[erlang-questions] JSON for STDLIB

Bob Ippolito bob@REDACTED
Tue Sep 8 18:15:00 CEST 2015

On Tue, Sep 8, 2015 at 2:42 AM, Jesper Louis Andersen <
jesper.louis.andersen@REDACTED> wrote:

> On Mon, Sep 7, 2015 at 3:34 AM, Theepan <vasdeveloper@REDACTED> wrote:
>> Since Erlang is now widely used in internet domain, I believe that
>> inclusion of JSON library under STDLIB is essential. There are many open
>> source variants, but I like Jiffy and Jsx. They support MAPS too.
> Roughly, two variants of programming language standard libraries exist,
> where most languages sit somewhere on the continuum of these extreme points:
> 1. Put as little as possible in the standard library. Usually only put the
> things necessary to write the compiler itself, and the libraries which are
> impossible to write without close support from the compiler/runtime.
> 2. Use the Stdlib to "bless" certain implementations of commonly used
> libraries as the default. The Stdlib is considerably larger, but is
> guaranteed to have seen lots of testing.
> It is not a priori clear one solution beats the other. There are
> advantages and disadvantages to both models. Personally I lean toward
> option 1, because I "come from" languages which used this model: Standard
> ML and OCaml. The danger of such a model however is that you end up with
> many stdlib implementations, and in statically typed languages you often
> end up in situations where packages built for one stdlib are not compatible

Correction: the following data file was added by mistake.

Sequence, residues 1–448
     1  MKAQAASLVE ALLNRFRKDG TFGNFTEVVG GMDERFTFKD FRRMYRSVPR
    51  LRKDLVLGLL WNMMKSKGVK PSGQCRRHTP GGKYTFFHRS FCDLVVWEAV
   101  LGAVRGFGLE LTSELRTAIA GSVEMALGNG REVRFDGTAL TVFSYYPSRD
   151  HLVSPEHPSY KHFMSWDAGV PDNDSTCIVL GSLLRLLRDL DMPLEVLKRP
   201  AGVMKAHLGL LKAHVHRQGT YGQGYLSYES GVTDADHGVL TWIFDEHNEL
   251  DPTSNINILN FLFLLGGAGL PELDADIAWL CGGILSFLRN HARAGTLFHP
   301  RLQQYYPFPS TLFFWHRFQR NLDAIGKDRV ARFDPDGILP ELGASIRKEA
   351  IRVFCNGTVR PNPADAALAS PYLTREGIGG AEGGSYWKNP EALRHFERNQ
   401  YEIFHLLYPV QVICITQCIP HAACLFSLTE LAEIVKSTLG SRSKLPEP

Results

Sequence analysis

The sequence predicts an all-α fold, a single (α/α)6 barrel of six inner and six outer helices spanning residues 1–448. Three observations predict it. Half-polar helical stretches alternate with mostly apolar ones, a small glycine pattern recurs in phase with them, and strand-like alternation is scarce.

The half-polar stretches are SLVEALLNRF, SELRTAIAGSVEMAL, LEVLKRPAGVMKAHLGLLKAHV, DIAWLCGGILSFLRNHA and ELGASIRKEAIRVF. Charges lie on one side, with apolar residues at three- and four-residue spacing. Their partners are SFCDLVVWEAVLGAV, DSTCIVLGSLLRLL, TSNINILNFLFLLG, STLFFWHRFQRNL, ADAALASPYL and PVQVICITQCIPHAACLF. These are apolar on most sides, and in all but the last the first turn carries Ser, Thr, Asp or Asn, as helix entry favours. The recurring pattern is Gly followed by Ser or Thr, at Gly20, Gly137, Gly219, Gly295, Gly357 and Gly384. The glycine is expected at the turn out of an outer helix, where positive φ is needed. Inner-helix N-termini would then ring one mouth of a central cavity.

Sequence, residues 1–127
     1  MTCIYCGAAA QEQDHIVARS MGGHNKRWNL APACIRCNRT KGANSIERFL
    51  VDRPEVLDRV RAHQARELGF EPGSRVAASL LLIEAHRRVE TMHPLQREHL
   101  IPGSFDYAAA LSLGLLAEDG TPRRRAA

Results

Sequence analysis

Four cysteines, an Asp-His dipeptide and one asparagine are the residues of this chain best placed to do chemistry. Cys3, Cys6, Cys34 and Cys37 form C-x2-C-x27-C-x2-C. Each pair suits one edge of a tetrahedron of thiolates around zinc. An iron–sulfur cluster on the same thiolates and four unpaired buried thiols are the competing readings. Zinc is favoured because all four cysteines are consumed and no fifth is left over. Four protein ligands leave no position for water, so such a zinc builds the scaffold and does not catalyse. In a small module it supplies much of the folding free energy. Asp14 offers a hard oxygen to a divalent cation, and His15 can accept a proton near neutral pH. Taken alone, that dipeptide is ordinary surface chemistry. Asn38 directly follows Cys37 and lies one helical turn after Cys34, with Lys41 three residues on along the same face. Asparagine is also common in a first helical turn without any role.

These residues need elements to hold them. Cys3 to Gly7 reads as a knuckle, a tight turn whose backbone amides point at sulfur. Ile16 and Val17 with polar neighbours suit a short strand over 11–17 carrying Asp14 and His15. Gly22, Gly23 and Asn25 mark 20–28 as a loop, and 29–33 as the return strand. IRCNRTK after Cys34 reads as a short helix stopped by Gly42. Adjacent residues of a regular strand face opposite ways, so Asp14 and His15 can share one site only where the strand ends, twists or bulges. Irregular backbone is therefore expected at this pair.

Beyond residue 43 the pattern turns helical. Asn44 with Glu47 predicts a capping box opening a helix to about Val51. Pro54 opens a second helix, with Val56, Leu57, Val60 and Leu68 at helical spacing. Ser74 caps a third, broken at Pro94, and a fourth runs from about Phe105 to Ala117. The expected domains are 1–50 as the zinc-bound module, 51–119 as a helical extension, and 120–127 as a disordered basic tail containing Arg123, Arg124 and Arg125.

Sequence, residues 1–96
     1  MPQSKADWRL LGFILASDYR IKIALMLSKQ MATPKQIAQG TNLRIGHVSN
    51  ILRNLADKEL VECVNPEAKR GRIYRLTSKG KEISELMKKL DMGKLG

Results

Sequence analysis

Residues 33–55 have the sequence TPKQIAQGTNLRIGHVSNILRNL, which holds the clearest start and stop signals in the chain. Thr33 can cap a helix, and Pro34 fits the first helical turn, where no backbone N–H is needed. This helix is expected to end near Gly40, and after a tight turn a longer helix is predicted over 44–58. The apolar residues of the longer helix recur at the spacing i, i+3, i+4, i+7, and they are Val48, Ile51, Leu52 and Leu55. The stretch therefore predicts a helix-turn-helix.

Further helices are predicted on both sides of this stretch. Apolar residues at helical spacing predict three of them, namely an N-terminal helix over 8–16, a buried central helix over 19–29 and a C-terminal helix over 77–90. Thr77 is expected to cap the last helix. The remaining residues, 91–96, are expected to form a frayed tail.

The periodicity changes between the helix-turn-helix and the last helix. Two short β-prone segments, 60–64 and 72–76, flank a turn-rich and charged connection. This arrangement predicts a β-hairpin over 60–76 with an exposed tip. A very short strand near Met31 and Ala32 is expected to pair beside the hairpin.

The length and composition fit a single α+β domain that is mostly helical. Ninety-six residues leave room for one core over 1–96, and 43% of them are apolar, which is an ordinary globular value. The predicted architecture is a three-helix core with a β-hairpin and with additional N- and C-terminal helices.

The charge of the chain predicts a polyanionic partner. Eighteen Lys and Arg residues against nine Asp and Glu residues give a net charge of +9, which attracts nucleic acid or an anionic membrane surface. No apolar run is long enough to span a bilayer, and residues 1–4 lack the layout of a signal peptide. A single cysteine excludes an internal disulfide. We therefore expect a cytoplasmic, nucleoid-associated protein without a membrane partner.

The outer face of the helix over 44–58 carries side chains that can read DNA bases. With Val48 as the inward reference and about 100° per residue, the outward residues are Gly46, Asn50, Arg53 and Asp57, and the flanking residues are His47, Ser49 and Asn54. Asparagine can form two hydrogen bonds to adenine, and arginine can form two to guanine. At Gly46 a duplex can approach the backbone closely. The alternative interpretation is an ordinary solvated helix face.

> with the other stdlib.
> This makes people yearn for option 2. But it is not without its
> consequences either. Work on the stdlib is now centered around a few
> people, so it will invariably move slower. The other problem is that
> updates to the stdlib is now locked to the update rate of the compiler.
> This is rarely desirable. And when new releases come out, everyone has to
> scramble in order to upgrade everything in the stdlib they rely on. In a
> more compartamentalized world, you can go update packages separately.
> JSON is particularly nasty because different characteristics are mandated
> by different users. Some want fast JSON parsing. Some want correct JSON
> parsing. Some want mapping rules into their Erlang world. For this reason,
> there are always many disparate JSON libraries in any language (C has at
> least 10, Java has at least 20). You *can* pick one and put into the
> stdlib, but people still have to build their own to their wants.
> In my opinion, there are far too many libraries in the standard Erlang/OTP
> distribution. This means more work on the Ericsson Erlang/OTP team and we
> can't mint a new fix package for a separate area without rolling a new
> point release for Erlang/OTP. Moving some things into separate repositories
> would help a lot. But it also requires some work on package management so
> the transition is as seamless as possible.

Yeah, what's really needed here is a working dependency management solution
that the community standardizes on. Some brave person can build the
high-performance library that does the low-level JSON stream parsing and
nasty string/float encoding bits, and then a mountain of higher-level
libraries can use that as a common dependency.

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